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Developmental pharmacogenetics in pediatric rheumatology: utilizing a new paradigm to effectively treat patients with juvenile idiopathic arthritis with methotrexate.

Becker ML, Leeder JS - Hum Genomics Proteomics (2010)

Bottom Line: In addition to differences in drug administration, factors that affect pharmacokinetics and pharmacodynamics such as genetic variation may explain individual differences in drug biotransformation.However, the pediatric population has an additional factor to consider, namely the ontogeny of gene expression which may result in variation throughout growth and development.We review the current understanding of methotrexate biotransformation and the concept of ontogeny, with further discussion of how to implement a developmental pharmacogenomics approach in future studies.

View Article: PubMed Central - PubMed

Affiliation: Division of Clinical Pharmacology and Toxicology, Children's Mercy Hospitals and Clinics, University of Missouri Kansas City, 2401 Gillham Road, Kansas City, MO 64108, USA.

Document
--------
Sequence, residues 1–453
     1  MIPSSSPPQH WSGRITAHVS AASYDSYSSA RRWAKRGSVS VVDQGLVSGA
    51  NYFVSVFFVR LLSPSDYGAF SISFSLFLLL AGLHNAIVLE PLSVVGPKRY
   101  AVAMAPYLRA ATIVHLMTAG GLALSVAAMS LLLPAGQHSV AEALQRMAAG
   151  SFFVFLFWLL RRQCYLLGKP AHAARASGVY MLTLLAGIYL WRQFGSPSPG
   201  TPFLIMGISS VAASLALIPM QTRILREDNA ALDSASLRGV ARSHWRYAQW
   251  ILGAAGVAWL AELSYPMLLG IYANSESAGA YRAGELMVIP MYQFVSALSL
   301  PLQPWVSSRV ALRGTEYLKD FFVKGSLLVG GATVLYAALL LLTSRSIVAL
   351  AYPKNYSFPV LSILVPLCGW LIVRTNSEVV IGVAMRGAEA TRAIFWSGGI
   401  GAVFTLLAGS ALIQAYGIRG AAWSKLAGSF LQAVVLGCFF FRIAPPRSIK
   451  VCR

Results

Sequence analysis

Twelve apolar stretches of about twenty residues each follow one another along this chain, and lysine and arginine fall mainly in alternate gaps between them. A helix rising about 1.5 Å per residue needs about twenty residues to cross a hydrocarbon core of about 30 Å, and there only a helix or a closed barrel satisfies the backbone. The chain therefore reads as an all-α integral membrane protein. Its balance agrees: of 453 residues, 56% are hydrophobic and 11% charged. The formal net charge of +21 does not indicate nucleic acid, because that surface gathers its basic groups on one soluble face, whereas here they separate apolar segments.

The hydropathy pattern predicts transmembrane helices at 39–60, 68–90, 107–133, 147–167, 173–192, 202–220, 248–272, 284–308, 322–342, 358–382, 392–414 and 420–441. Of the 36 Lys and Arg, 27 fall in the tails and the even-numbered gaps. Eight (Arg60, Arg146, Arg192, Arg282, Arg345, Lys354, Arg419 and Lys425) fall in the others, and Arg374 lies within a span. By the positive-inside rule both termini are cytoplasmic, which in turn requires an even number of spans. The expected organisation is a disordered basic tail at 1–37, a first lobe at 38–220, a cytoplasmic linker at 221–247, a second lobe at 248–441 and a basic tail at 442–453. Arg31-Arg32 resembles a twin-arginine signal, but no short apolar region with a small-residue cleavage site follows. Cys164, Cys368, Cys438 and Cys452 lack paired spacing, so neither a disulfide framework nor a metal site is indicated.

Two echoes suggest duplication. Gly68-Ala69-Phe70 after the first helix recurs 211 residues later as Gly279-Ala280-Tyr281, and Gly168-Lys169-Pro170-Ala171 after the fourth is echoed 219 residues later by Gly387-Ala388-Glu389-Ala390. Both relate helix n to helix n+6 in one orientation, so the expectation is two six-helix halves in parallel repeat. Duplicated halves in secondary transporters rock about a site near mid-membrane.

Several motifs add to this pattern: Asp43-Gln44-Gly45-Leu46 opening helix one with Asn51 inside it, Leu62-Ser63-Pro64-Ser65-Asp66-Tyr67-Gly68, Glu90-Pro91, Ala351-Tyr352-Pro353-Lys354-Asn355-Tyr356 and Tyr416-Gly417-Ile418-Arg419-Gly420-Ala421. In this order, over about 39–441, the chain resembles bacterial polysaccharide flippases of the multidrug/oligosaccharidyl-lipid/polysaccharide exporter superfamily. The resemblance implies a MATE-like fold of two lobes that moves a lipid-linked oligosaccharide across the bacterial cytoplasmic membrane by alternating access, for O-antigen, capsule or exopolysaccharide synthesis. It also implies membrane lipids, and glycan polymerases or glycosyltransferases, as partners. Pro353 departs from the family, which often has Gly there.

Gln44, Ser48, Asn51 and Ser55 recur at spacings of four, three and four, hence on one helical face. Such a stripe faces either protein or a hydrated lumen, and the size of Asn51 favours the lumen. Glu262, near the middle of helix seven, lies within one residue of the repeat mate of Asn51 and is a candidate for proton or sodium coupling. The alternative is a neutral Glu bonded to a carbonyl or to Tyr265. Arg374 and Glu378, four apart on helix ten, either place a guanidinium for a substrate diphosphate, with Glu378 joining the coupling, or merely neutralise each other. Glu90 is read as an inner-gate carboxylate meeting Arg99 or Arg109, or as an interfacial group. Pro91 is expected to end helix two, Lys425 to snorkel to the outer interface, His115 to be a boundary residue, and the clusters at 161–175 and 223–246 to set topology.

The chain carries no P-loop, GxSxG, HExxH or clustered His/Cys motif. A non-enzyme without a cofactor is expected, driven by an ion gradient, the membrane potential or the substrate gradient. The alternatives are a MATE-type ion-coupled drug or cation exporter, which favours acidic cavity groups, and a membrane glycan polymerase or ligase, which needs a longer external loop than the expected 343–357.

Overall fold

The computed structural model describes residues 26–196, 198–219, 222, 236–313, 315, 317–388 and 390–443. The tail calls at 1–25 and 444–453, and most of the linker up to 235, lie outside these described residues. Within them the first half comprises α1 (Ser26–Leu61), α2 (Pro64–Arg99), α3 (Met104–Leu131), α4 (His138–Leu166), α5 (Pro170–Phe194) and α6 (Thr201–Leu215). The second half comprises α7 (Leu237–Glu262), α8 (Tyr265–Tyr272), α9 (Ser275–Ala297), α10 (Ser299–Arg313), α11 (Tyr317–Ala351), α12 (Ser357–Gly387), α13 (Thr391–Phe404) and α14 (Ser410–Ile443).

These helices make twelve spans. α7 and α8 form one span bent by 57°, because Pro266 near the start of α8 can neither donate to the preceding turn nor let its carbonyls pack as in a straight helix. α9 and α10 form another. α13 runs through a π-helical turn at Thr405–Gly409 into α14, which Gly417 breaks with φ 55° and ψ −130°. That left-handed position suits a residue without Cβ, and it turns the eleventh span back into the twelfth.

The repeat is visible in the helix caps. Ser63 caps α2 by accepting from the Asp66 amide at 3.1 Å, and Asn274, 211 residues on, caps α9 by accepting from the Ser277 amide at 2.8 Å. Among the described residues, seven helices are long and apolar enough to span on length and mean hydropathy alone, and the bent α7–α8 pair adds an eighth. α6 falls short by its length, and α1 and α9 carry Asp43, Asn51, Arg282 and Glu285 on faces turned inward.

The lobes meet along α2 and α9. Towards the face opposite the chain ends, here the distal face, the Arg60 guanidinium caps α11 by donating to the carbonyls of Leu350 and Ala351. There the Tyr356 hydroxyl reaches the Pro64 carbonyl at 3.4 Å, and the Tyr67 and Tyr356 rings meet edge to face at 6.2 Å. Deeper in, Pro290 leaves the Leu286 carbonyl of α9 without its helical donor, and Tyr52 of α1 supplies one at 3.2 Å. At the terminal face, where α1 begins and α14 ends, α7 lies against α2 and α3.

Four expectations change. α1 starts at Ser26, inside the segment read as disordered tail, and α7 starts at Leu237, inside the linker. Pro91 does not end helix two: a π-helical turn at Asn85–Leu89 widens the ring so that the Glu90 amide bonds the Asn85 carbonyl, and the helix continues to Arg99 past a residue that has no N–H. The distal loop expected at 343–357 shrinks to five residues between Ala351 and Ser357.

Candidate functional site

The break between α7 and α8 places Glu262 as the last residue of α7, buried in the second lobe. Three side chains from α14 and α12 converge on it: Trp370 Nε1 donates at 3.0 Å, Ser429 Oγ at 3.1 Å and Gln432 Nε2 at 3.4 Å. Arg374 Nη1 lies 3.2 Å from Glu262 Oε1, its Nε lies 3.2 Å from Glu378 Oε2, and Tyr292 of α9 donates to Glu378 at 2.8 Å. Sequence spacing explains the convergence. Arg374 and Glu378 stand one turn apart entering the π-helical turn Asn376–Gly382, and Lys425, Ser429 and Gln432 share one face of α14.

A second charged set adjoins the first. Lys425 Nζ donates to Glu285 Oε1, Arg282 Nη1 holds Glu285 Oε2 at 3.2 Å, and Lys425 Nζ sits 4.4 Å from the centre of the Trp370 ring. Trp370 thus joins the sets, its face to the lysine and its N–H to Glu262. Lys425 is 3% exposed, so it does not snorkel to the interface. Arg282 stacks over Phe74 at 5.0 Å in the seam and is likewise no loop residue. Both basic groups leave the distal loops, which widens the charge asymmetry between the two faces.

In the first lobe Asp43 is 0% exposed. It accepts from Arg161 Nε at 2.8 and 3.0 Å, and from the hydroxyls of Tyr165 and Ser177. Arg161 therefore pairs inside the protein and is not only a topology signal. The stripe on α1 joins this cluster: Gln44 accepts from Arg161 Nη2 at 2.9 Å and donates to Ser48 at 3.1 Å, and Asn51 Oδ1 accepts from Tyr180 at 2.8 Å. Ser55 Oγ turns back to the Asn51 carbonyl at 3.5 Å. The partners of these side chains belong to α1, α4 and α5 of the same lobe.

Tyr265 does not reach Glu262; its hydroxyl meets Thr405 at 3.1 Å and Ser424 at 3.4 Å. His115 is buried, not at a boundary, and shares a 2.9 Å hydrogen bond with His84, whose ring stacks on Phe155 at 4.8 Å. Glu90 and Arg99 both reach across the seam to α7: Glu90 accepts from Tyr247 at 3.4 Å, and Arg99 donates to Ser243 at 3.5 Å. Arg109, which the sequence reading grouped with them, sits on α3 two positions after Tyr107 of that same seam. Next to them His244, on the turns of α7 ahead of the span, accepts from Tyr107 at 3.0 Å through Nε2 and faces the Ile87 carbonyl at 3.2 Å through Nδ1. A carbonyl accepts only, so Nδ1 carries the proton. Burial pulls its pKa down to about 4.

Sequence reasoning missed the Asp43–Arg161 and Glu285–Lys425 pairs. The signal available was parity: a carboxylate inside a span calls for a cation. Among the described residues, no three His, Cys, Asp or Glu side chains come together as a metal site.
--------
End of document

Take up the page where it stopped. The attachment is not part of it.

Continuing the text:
ABSTRACT
Although methotrexate is widely used in clinical practice there remains significant lack of understanding of its mechanisms of action and the factors that contribute to the variability in toxicity and response seen clinically. In addition to differences in drug administration, factors that affect pharmacokinetics and pharmacodynamics such as genetic variation may explain individual differences in drug biotransformation. However, the pediatric population has an additional factor to consider, namely the ontogeny of gene expression which may result in variation throughout growth and development. We review the current understanding of methotrexate biotransformation and the concept of ontogeny, with further discussion of how to implement a developmental pharmacogenomics approach in future studies.

No MeSH data available.


Related in: MedlinePlus

Comparison of MTXglun subgroups between oral (PO) and subcutaneous (SC) routes of administration. (a) Short chain polyglutamates (MTXglu1+2) were more predominant with PO administration, and (b) higher concentrations of long chain polyglutamates (MTXglu3-5) were more predominant with SC administration. Box and whisker plots are superimposed on data from individual patients. Boxes include the median and interquartile range, and whiskers indicate the 10th and 90th percentiles.